The O.S map shows lots of disused mine shafts.
This one's full of rubbish.

A cairn to the man responsible for the invention that keeps our cars on a smooth surface.

There are lots of interesting information boards provided by the Muirkirk Enterprise group.

The stretch of road above was one of the first ever to have tarmac laid on it.
The iron railings look Victorian.

Back at the car we decide to go and take a look in the churchyard.
On the way we pass this miner.

The Poets' Trail will have to wait for another day.

The parish church will be 200 years old in two years.

With the exception of Greyfriars in Edinburgh, this counts as one of the most interesting graveyards I've ever visited.
Muirkirk's heritage also includes being an important village in the 'Killing Times'.
Not far out of the village towards Cumnock is Airds Moss scene of a bloody battle back in 1680

There's some really old graves here.All shpes and sizes too.

A covenanter's grave.

Muirland Jock of Rabbie Burns fame

Below is the saddest story........
.......and isn't the back of the grave the most gruesome.

A couple more of Rabbie's poet friends here.

Close by is the newer Roman Catholic Church built in 1906.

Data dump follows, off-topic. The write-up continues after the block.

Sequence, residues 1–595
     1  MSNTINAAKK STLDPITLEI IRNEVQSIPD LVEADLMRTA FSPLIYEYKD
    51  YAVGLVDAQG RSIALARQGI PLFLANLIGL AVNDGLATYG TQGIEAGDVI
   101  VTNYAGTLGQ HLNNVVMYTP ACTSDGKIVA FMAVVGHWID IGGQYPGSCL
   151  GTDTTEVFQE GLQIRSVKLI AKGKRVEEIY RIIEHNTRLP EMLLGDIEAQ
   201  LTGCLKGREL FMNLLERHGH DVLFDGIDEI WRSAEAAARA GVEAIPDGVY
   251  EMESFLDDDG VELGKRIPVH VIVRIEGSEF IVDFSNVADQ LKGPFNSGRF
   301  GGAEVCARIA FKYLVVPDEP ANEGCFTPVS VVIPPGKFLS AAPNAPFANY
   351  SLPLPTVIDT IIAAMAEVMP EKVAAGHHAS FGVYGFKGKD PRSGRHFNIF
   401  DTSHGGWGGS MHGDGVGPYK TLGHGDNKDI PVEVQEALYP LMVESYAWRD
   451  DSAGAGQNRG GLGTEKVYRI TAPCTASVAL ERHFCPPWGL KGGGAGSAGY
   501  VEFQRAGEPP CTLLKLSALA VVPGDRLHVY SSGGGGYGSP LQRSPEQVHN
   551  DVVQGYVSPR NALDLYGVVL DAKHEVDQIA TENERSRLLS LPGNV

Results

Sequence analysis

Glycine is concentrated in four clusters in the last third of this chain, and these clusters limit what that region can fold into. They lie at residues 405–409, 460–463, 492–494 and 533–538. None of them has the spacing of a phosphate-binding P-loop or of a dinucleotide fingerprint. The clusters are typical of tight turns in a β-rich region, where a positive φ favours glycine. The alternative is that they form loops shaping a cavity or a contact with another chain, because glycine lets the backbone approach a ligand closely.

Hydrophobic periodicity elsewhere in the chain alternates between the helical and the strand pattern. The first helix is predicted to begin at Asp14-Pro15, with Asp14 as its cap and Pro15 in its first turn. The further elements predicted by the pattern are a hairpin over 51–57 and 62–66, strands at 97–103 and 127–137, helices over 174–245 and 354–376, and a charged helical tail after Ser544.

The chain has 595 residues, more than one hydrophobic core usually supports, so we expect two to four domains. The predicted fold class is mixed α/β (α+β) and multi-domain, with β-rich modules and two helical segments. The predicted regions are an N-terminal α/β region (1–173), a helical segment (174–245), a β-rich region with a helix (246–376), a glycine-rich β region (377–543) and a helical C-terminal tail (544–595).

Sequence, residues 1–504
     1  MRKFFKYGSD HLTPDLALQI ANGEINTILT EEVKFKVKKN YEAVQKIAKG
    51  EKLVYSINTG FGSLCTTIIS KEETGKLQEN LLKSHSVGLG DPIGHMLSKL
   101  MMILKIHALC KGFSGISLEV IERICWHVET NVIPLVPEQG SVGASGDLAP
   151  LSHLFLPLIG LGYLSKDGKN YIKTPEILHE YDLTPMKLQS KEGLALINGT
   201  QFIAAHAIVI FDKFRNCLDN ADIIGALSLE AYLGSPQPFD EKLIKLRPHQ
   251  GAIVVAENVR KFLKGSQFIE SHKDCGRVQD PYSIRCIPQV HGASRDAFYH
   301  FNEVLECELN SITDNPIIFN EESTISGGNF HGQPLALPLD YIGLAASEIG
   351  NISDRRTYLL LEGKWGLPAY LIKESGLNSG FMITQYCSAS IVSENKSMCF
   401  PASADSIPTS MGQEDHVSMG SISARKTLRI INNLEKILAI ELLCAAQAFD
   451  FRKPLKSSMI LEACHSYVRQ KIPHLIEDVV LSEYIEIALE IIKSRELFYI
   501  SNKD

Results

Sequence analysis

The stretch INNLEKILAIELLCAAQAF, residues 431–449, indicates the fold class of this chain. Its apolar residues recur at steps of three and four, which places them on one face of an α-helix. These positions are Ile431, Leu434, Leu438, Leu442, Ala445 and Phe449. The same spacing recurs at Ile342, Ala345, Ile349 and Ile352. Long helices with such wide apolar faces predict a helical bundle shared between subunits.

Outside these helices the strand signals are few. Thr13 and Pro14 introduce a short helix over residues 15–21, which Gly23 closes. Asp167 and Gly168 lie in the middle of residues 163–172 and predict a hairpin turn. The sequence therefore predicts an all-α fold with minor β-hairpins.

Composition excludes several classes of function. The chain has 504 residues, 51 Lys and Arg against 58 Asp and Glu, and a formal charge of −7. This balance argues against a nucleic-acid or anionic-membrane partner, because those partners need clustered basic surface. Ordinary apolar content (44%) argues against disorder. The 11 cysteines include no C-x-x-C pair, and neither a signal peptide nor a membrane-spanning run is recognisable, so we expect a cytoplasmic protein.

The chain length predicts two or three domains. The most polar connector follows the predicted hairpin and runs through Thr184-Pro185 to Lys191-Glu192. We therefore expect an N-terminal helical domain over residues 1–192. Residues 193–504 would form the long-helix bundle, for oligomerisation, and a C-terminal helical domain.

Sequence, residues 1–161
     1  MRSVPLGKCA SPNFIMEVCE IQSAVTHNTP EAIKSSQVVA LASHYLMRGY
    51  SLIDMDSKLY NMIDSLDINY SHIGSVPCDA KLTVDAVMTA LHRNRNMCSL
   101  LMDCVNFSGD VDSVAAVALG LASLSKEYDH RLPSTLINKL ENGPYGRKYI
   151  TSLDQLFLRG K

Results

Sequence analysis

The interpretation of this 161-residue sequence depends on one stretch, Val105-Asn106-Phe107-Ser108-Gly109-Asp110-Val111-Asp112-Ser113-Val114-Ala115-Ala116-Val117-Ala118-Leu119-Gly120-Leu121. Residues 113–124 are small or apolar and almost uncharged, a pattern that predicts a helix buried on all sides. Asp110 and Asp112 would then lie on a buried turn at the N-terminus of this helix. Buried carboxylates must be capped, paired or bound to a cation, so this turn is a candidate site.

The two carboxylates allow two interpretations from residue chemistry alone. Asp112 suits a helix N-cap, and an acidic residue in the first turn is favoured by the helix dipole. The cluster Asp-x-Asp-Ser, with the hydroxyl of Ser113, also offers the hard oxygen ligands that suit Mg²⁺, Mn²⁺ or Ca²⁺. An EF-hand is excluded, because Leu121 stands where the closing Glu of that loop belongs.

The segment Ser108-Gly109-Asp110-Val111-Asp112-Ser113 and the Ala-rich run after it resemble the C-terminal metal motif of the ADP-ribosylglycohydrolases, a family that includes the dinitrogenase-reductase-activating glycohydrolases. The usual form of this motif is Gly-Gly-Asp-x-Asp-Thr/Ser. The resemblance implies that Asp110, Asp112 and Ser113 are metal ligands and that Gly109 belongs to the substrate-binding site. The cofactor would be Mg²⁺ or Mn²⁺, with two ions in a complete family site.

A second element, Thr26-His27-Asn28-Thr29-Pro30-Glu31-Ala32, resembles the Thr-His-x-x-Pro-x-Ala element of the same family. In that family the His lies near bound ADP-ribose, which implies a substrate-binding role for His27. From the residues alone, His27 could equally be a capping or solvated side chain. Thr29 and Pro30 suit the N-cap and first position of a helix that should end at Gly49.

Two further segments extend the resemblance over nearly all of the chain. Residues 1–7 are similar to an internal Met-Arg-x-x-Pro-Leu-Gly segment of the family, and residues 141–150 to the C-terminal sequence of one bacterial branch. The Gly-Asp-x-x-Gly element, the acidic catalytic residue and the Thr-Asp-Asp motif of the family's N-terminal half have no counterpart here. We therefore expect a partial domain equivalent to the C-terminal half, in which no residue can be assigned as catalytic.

Muirkirk is quite a fascinating village with it's history and heritage.
I'll have to come back again.


  1. what an interesting post. those graves are really macabre. it feels like there's so much history in muirkirk and yet it's such a quiet looking place. what a brilliant post that really gives us a sense of the atmosphere of the place. excellent work.

  2. Excellent blog of a hill climb I have done many times in the past. The difference is you always manage to capture so much more on your walks. The church graveyard is not the place all walking groups visit but I will try and persuade them on our next sojurn to Muirkirk.

  3. All that information on the history of the area is really interesting!

  4. Thank you for your comments folks.
    Muirkirk is one of those places with so much history for such a small place.Passing through it in a car it's forgettable,but I'll be back in the area for more exploration.

  5. I'm originally from muirkirk. I think your blog is brilliant. There are lots of great walks and you can still see the remnants of the railway station and the lines in the ground.. it is a very interesting place and I would recommend people to visit for the walks and history. The creepy grave of the two children is one I have seen many times and has a very sad story to it... Once again I think this blog is great and thank you for showing it in such a great manner.

  6. Hi Leigh-Ann, lovely to hear from you, and thanks for the compliment.
    I totally agree about Muirkirk, I need to get back for more exploration.
    What is a shame though is all the opencast mining, because I'm sure that no matter how much they promise they'll restore the ground back to how it was, there'll be history lost.


Thanks for all your comments. I may not get to reply to them all, but you may be sure they'll be appreciated.